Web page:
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|5/14 Postville, IA: 20 former Agriprocessors workers obtain visas
Released 27 May 2009  By Associated Press
20 former Agriprocessors workers obtain visas
POSTVILLE (AP) - Twenty former workers at the Agriprocessors Inc. plant
in Postville have received visas under a law that protects crime
The first wave of women and children arrested last year at the plant
have been granted U-visas by U.S. Citizenship and Immigration Services,
allowing them to legally live and work in the country for four years.
They can apply for green cards in the third year.
Sonia Parras-Konrad, a Des Moines attorney who led the effort, said the
visas are a big step toward vindicating the immigrants and giving them
"A government entity has found, indeed, that these women and children
have been subjected to extreme emotional or physical harm by
Agriprocessors," Parras-Konrad said. "These people have been exploited,
have been assaulted, have been humiliated, have been verbally and
emotionally abused by this employer."
To be eligible for the visas, the former workers must meet several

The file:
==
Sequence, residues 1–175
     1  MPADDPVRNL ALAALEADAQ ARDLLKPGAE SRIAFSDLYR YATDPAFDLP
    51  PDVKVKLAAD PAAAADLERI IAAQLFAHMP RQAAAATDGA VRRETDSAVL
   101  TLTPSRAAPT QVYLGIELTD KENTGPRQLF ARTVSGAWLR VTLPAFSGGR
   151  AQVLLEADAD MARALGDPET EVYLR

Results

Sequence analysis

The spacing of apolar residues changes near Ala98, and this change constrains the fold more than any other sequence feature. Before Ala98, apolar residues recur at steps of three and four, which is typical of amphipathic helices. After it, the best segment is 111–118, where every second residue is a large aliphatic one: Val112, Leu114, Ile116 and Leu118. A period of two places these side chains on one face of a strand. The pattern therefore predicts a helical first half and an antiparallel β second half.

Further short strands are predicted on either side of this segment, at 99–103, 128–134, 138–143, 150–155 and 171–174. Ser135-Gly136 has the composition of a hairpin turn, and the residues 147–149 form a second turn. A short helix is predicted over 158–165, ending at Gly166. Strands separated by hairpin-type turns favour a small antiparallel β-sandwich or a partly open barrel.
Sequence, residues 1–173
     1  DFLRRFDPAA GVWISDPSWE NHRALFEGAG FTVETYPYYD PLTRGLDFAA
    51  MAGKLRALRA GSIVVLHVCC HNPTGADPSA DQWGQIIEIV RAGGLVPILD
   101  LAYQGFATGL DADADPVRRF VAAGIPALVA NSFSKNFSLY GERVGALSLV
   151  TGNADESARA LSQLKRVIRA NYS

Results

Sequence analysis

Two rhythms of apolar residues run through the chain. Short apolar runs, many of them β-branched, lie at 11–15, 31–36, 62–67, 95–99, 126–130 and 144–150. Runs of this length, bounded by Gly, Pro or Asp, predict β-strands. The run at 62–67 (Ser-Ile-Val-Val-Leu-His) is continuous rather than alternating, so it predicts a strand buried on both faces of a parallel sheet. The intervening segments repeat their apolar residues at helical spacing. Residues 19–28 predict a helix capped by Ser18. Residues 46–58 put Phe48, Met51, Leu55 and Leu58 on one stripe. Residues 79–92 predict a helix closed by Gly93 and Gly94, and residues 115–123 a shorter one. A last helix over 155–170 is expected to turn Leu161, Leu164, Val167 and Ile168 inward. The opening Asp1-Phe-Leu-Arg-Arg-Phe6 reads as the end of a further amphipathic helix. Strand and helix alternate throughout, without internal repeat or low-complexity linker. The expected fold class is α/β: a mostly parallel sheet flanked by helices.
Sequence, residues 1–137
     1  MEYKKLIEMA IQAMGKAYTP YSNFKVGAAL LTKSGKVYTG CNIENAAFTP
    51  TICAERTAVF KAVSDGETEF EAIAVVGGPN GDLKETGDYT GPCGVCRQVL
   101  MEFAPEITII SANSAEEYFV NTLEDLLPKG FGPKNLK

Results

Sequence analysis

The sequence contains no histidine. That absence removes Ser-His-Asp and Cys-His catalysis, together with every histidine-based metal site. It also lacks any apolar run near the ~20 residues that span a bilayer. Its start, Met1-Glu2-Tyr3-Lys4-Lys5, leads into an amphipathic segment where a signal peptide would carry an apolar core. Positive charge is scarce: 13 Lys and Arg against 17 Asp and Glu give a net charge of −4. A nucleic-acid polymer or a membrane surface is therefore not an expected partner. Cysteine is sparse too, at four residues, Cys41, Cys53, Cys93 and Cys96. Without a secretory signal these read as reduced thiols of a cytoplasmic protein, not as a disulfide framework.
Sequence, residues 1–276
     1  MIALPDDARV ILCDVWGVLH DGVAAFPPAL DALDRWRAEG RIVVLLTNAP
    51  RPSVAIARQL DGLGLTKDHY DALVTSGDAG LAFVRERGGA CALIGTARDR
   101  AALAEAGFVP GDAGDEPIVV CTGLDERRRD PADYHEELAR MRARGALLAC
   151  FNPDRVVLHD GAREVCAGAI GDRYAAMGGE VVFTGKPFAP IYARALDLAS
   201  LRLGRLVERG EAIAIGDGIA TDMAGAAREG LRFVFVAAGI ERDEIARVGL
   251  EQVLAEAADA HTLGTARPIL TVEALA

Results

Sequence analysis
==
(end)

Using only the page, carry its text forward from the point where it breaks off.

requirements, including assisting authorities in any pertinent
Maria Gomez, 31, said that when Parras-Konrad told her about the visas
over the phone, she couldn't catch her breath and could mumble only a
quick "thank you." Gomez had an electronic monitoring bracelet removed
just last week.
"I ran home and I started to cry for joy," she said.
Most of Gomez's relatives have been deported to Guatemala. She hopes her
husband will soon secure a visa. The only reason he was not deported,
she said, was because he was not working at the time of the raid.
Bob Teig, a spokesman for the U.S. Attorney's Office in Cedar Rapids,
said the workers are not innocent bystanders and admitted to using false
documents to work in the U.S. illegally.
"The thing being overlooked repeatedly is that they broke the law, and
they all admitted it," he said.
Parras-Konrad said 32 visa applications are pending. None has been
rejected, she said.
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